Could only throw up fanshots at the time, as we were busy recording the next podcast.
- So it didn't take long for the Griffey announcement to come up. The AP's got a little more information:
Ken Griffey Jr. will be back with Seattle in the near future working with the team in a long-term job to be determined.
He also said Griffey will return this season for a formal goodbye and retirement ceremony in Seattle.
There's more, but those are really the two big points. Griffey's said all along that he wanted some time to himself and his family after he retired, and he'll get that time - he's getting that time right now - but everyone needs plans, and this is a plan that should make everyone feel good. Griffey gets to hold a job that doesn't stress him out, and that keeps him involved in the game. The fans get to know that their favorite son is still around with the team in some capacity. And the organization gets to maintain its ties with an icon, which can only work in its favor. No matter what Griffey ends up doing, whether he be a scout, a coach, or just an ambassador, he'll always be Ken Griffey Jr., and Ken Griffey Jr. is a guy that every baseball player everywhere will listen to. Griffey could end up attracting more talent. He could end up helping some young players. Or he could just end up making people smile. Whatever the case, it's good to know he'll stick around. Lots of players do this sort of thing, but with Griffey, I wasn't sure.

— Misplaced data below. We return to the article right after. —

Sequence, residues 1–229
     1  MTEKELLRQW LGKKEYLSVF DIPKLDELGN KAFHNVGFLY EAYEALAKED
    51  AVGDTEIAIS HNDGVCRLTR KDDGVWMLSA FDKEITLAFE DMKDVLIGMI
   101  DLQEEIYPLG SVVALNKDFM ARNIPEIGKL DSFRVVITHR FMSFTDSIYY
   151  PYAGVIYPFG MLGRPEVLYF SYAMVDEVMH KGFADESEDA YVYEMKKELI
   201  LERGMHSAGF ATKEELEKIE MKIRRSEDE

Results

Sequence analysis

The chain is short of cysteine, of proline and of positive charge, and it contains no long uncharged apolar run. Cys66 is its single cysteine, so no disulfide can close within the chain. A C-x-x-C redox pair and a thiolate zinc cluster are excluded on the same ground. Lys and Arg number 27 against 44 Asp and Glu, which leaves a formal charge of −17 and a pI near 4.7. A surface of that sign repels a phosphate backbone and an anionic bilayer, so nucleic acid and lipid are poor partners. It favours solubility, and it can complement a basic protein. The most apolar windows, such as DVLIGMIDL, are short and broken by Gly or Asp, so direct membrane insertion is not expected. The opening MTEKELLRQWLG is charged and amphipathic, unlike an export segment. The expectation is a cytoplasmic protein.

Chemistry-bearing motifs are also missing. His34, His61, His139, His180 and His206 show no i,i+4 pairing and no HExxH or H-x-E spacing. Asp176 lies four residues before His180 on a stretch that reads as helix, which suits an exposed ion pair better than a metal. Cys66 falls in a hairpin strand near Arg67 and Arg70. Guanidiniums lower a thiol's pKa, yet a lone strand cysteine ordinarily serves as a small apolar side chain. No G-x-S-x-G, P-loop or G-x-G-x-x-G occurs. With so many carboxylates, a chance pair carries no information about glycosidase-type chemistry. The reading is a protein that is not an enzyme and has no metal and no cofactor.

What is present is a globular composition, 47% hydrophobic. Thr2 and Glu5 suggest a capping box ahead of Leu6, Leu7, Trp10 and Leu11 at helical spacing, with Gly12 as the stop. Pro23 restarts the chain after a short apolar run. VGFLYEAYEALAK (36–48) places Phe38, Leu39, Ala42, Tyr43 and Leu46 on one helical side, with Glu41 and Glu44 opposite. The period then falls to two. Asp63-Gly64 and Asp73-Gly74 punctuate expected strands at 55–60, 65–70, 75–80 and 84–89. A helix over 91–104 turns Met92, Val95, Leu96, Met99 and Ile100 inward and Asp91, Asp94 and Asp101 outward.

As for the latter point, that's just there to reassure everyone that Griffey will have his day. Or rather, that the fans will have their day, instead. Ken Griffey Jr. is probably very uncomfortable with the idea of attending a ceremony for himself and receiving a million endless ovations, but he's going to do it, and in a lot of ways, maybe it's better that he's not doing it in a Mariner uniform. It'll be nice to have this break. Time for the memories of the past two months to slip away. If you're going to have one big final Griffey blowout, you want as many people as possible to remember him for what he was, and not what he became.
Chad Cordero, as you may have figured out by now, is a feel-good story, having come back from major shoulder surgery and seemingly recovered most of his stuff. He isn't just a feel-good story, though. If he actually has his own pitches again, he could end up being a useful middle reliever, and his numbers in Tacoma are certainly promising. It's important to note that, while Cordero was a closer, he was never elite. He never missed a ton of bats, or threw a ton of strikes, or kept the ball down. And we can rather safely assume that he's still missing a little something from what he was earlier in the decade. But if he's throwing 89-90 again, and if he still has his offspeed stuff, he can get the job done. He can pitch to both hands. There's a pretty good chance that he's a better reliever right now than Sean White. We'll just have to see.
Chad Cordero is only 28 years old. Man.